Workplace stress – using biometrics to understand stress and build resilience
Last month the health secretary intimated that the NHS would struggle to cope with demand over the next 10 years and that the health of the nation would depend on individuals and organisations. Whatever your political standpoint, it is clear that the health of employees is going to become an increasing focus for business.
According to the UK Health & Safety Executive, in 2016-17, over half a million workers were suffering from ‘workplace stress, depression or anxiety’ resulting in the loss of 12.5 million working days at a cost of around £26 billion to employers. These figures represent almost half of ALL working days lost to ill-health with staff citing ‘workload pressure’ as the dominant cause. We only need look at our public services to see the dramatic cost to both schools and the NHS of the provision of supply staff covering for the sickness absence of essential employees.
How can HR departments best address this devastating issue? How can they use experiential insight to help design, implement and monitor tailored interventions that will work to bolster resilience, improve wellbeing, cut workplace stress, reduce sickness absence and increase staff satisfaction and productivity?
Stress is essential for growth. Without stressing our bodies and minds we do not grow and adapt. Excessive stress, however, has a negative impact on our physiology and psychology and effects our physical and mental wellbeing. We can of course build our resilience to stress; our brains and bodies adapt to changing environments and pressures all the time. What we need to know is when are we placing excessive stress on individuals and to understand what businesses and individuals can do to mitigate these situations and build individual and organisational resilience.
During our pioneering research using biometrics to understand peoples’ physiological reaction to experiences, our evidence shows that if we monitor the physiological signs of stress through heart rate variability over an extended period of time, we can understand the causes of excessive stress in both work and home life. We can then use this to help organisations and individuals mitigate, cope and adapt to excessive levels of stress. These programmes in turn create more resilient and healthier individuals and the organisations they work for.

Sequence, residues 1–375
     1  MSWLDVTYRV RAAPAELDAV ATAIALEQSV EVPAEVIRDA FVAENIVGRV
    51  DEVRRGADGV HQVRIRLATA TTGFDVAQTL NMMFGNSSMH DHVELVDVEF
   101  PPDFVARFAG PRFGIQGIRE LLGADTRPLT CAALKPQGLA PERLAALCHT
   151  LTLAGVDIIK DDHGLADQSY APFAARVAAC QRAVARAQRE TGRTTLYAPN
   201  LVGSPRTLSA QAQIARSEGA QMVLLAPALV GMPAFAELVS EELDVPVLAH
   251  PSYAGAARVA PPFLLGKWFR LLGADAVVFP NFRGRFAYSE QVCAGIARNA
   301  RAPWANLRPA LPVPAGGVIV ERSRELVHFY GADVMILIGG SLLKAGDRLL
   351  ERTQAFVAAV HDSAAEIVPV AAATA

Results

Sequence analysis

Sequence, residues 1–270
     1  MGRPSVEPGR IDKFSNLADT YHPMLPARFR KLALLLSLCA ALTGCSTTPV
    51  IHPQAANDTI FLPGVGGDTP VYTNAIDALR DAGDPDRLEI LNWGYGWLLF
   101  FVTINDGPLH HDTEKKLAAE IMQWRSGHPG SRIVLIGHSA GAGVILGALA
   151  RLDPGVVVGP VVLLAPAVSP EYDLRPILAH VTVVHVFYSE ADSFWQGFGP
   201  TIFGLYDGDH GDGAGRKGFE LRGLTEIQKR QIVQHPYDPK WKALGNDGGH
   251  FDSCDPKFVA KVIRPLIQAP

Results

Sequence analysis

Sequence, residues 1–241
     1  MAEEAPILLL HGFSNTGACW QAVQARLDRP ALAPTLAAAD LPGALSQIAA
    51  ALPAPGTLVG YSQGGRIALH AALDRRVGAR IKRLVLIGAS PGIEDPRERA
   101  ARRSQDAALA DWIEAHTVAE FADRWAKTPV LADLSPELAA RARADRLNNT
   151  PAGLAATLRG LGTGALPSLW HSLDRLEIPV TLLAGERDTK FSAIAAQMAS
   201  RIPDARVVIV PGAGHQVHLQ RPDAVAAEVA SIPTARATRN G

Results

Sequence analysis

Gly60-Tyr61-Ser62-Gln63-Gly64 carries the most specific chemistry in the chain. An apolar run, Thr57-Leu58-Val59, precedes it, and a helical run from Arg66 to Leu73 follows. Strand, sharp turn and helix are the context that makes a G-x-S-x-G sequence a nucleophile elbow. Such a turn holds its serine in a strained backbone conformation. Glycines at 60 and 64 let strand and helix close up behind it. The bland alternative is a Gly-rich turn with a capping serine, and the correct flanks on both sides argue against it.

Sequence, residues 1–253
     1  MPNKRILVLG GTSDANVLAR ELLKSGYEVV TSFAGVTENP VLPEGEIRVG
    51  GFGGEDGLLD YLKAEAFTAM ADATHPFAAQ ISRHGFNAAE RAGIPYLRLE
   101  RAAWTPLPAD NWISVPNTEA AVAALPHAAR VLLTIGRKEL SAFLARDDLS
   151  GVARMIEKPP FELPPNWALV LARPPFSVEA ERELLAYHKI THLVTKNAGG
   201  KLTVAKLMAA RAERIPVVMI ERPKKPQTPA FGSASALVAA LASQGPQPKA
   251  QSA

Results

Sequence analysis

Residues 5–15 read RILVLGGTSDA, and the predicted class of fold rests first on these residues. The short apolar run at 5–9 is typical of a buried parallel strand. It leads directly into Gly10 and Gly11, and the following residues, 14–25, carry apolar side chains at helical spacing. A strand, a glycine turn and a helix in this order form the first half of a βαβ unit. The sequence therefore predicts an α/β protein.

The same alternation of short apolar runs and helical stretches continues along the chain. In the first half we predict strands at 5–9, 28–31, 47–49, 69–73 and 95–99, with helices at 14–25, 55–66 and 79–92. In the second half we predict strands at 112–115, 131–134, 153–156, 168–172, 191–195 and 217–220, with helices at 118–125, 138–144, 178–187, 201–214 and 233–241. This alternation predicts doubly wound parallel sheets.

Why can’t we just survey people about workplace stress?
Asking people about the causes of stress simply doesn’t get to the truth. Firstly, this is a sensitive issue and people may be reluctant to tell the truth to their employers; secondly, people are not always consciously aware of the underlying causes of stress; thirdly, surveys are biased by recent events and their poor design. What is needed is an objective understanding of the unconscious and physiological reactions to stress.
If we connect volunteer employees to advanced biometric devices for 72 hours, we can understand the underlying cause of their stress. We can then design interventions to help. These may be organisational programmes, management training or individual interventions.
A happy, healthy (physically and mentally) work force is undoubtedly more productive and has less time off for sickness. Bottom line cost savings, increases in personal and organisational resilience, happy teams, less time dealing with these issues – the benefits to business and individuals are significant.
Read more about our approach to using biometrics in the employee experience